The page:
Our CEO Tony Nash recently guested at the BBC Business Matters to share his thoughts on the lifting of the vaccine patent protections to help in manufacturing more vaccines faster. Is that fair specially in this time of need? Also discussed are the special case of Facebook and Twitter’s suspension of Donald Trump’s social media accounts, college football, and the growing industry of recycled furniture.
BBC Business Matters Description:
The US government has backed a temporary suspension of intellectual property rights for Covid-19 vaccines in a move likely to enrage the pharmaceutical industry, which strongly opposes a so-called waiver. Shares of the major coronavirus vaccine companies were hit by the announcement but is it just an empty gesture? We speak to Jorge Contreras, Chair of the Open Covid Pledge, a group that is lobbying organisations to share their patents and copyrights in relation to vaccine efforts. We also hear from Thomas Cueni, of the International Federation of Pharmaceutical Manufacturers & Associations. And there’s no status update for Donald Trump anytime soon; Facebook decides to uphold it’s ban of the former US president. We speak to Issie Lapowsky, Senior Reporter at tech site Protocol. Also in the programme, college sports in the United States are a big business, but the athletes taking part have typically been compensated through scholarships rather than salaries. But could that change? The BBC’s Will Bain reports. Plus, the Swedish furniture retailer Ikea has launched a scheme in the UK to buy unwanted furniture back from its customers, in a bid to save items from going to landfill. Hege Saebjornsen is the company’s sustainability manager for the UK and Ireland explains how it works. And we’re joined throughout the programme by Tony Nash, chief economist at Complete Intelligence in Texas and the writer, Rachel Cartland in Hong Kong.
VS: Tony, do you think, people in Texas will be as upbeat as George, our first speaker?
TN: Yeah, absolutely, I think people here are pretty happy about that. A couple of weeks ago, there was an uproar in India over Americans not sharing vaccines with India. Houston has a very large Indian community. And so we were very supportive of everything that could be done to help get vaccine components and vaccine intellectual property to India. So this is a positive development in every way.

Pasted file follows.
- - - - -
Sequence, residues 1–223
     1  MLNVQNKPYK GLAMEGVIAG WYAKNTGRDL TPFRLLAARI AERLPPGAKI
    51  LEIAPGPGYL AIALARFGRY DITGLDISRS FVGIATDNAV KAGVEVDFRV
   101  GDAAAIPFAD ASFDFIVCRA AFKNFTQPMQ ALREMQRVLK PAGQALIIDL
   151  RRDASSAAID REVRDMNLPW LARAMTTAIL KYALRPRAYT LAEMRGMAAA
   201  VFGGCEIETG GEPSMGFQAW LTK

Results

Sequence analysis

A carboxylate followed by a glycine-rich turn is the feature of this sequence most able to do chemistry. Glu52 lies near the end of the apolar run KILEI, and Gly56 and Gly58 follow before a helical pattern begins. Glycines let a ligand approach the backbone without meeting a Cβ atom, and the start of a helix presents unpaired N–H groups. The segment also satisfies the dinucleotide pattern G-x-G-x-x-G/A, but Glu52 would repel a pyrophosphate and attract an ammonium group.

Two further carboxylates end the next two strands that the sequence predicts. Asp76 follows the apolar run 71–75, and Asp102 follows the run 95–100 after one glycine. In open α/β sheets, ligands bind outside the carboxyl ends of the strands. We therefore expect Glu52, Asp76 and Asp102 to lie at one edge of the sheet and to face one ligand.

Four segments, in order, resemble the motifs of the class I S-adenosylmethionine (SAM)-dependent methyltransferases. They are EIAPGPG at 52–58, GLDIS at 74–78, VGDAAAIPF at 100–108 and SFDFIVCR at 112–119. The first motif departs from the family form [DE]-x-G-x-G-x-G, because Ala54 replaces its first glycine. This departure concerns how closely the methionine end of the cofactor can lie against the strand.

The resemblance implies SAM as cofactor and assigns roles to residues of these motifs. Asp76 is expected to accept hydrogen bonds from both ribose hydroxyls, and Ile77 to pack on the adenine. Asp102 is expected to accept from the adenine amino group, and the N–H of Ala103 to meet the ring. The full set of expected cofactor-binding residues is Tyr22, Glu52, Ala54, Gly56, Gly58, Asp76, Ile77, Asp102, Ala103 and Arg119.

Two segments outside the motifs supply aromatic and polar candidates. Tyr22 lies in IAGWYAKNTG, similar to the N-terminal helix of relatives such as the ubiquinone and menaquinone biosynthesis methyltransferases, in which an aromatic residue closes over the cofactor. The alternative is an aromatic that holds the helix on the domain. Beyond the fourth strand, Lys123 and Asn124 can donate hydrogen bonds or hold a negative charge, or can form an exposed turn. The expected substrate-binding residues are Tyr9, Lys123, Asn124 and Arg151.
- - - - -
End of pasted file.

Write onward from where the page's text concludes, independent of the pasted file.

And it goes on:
VS: And so in terms of an anxiety of giving vaccines away before the population is fully inoculated, does that not exist in your experience?
TN: I don’t think so. There’s plenty of capacity, at least in Texas, if you want a vaccine today, you can sign up to get it. So it’s not really an issue here. I think India has the manufacturing capacity and the know how to do very good vaccines in India. So once the licensing is clear and the components are there, they can manufacture for India and for many parts of Asia, Middle East and Africa.
VS: Tony, what does this actually mean for Donald Trump? He’s not allowed to use social media at the moment.
TN: There are other social media channels, but I think it’s bigger than that. I think the real issue here is around what’s called section 230 in the U.S. government, which allows websites to not be considered publishers. And under Section 230, they are supposed to provide unrestricted access to posting content unless it’s a rules based system. This is clearly a personal deal. Whether you like Trump or not, this is this is making special rules for an individual. I think the bigger issue is around whether Facebook and Twitter and the other social platforms are abiding by Section 230 or whether they should be considered publishers. The BBC is a publisher there and certain things that the BBC has to adhere to that Facebook doesn’t. And so if Facebook was a publisher, they would have to adhere to the rules that the BBC abides by. So if they’re going to restrict postings like this, they should be a publisher. Otherwise, they need to have rules that they enforced regardless of the individual, regardless of the political party, regardless of the country someone from. I think they need to be applied consistently.
VS: So this idea of this board is a way of sort of perhaps circumventing that.
TN: But nobody does. I mean, nobody if you ask anybody in America, nobody actually believes this is an unbiased board. It’s just a fallacy so…
VS: Wide ranging from all around the world, different types of backgrounds. So you can kind of argue that they are a mixed background with lots of different worldviews.
TN: I run an artificial intelligence company. Nobody in the technology community, hand on heart. I actually believe this is an unbiased view. I’m sorry. It’s just not true. And it’s a big pretend game to act like this is unbiased. I’m not on Trump’s side here necessarily. But if you’re going to make rules personal, that really companies lose credibility as a result of that. And all I’m saying is that Facebook should be considered a publisher and they should abide by the rules that publishers like the BBC abide by.